My stack of signed books is growing. Rapidly.
Prior to moving from West Texas to Boston, I had only a few signed books in my collection, mostly inscribed by Christian authors (Lauren Winner, Donald Miller, Kathleen Norris) who braved the heat and dust to come and speak on my college campus. I love Abilene, but neither it nor my hometown (even farther west) appear on most people’s book tour itineraries, and I never could convince myself to drive six hours, round trip, to Dallas (often on a weeknight) to hear even my favorite authors speak.
However. I may have mentioned (once or twice) that some of my favorite Boston-area bookstores – notably Brookline Booksmith, the Harvard Book Store, the Concord Bookshop and Porter Square Books – regularly hold readings and signings featuring authors I love. (I must also mention the Boston Public Library‘s fabulous author series.) Nearly every week, one or more of their event schedules and/or e-newsletters offers a tempting event or two that gets me thinking about how to rearrange my schedule, talk my husband or a friend into coming with me, and/or juggle my book budget to accommodate the purchase of one (or more) signed books.
I don’t go just for the signed books, though I am fan-girlishly thrilled to meet these authors and tell them how to spell my name so they can personalize the inscription. I don’t go for the treats (though Deborah Copaken Kogan bribed her audience with mini cupcakes from Sweet last week, handing one to each person who asked a question). I go for that moment of connection, for the chance to hear these authors’ work read in their own voices, for the Q&As and brief snippets of conversation, for that brief glimpse into their writing process and how their books and characters came to be.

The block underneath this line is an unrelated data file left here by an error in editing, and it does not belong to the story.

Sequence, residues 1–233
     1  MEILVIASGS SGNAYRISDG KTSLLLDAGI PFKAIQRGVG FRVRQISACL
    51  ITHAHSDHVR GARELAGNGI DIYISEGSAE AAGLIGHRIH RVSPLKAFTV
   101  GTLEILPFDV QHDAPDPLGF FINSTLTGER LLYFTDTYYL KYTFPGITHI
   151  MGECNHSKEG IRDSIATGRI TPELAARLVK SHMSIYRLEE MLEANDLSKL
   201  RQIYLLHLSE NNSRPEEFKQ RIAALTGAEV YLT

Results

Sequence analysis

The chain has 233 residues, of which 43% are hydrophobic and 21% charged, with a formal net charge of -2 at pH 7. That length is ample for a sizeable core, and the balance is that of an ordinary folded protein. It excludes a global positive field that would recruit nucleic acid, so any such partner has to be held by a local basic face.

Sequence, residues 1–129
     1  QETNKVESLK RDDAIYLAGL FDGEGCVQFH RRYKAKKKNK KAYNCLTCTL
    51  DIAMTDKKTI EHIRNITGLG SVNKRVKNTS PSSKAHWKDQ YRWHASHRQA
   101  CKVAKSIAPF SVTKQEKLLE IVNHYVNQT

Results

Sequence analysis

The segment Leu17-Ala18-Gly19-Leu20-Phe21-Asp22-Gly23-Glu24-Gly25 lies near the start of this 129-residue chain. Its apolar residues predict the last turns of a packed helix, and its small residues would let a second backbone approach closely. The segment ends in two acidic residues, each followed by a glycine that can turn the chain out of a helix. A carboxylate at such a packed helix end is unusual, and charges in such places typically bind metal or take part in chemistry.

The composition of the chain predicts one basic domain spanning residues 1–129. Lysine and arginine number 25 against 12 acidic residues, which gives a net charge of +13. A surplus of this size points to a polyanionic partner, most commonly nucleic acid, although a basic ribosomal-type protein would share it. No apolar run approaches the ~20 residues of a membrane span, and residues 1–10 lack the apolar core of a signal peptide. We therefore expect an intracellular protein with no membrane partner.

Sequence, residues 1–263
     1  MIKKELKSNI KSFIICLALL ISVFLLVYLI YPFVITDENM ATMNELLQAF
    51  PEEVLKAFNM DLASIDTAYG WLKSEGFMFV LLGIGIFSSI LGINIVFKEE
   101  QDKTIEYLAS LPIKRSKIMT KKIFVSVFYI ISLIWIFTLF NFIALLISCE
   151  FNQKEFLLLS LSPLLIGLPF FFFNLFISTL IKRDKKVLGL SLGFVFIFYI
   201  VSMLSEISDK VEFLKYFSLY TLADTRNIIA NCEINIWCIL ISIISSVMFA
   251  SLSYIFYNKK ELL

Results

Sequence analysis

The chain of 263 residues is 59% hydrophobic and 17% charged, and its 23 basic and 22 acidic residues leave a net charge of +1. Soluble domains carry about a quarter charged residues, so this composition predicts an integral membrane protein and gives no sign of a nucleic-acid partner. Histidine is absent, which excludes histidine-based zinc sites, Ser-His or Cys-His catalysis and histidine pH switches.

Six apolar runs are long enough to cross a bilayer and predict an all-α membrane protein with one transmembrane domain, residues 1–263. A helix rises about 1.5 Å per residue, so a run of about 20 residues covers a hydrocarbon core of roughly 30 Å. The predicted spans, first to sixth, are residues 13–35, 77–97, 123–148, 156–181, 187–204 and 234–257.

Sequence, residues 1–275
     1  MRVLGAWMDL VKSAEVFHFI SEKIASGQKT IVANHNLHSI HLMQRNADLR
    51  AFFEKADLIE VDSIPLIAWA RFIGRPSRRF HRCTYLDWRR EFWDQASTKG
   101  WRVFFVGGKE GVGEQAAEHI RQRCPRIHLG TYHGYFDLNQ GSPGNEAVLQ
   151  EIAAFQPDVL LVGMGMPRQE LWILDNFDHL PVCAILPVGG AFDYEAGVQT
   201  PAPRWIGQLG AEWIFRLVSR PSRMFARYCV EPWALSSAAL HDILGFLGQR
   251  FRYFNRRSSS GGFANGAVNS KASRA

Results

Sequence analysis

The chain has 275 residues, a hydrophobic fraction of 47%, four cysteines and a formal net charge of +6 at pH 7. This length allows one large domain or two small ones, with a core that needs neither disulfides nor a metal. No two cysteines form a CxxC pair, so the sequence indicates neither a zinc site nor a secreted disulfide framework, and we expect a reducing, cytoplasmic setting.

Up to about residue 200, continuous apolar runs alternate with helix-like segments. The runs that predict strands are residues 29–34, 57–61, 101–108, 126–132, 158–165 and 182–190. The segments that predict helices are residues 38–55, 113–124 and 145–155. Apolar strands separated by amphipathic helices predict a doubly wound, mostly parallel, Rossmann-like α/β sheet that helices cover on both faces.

Sometimes I can only stammer and tell them how much I enjoy their work (as when I met Anne Lamott and the Yarn Harlot, Marisa de los Santos and Jacqueline Winspear and Alexander McCall Smith). Sometimes I can explain that I’m a writer too (as when I met Rebecca Makkai or Molly Birnbaum), or a reviewer (as when Niall Ferguson realized he was signing my ARC of his new book). Sometimes I bond with writers who live or have lived in Texas, like the darling Sarah McCoy and the vivacious Siobhan Fallon. And sometimes I throw my arms around Twitter pals like Rachel Bertsche, Laura Harrington and Erin Blakemore, as glad to see them as any longtime friend.
The authors I’ve met are, without exception, gracious, kind, brilliant and poised, always willing to answer questions or personalize books or listen to their fans’ stories. They love words and books and the creative process as much as I do. They are often introverts who struggle to muster the energy to speak in public (and hug strangers), but they do it because they believe in the power of stories to shape lives.
I treasure that growing stack of signed books. But I treasure these moments – these connections with my people – even more.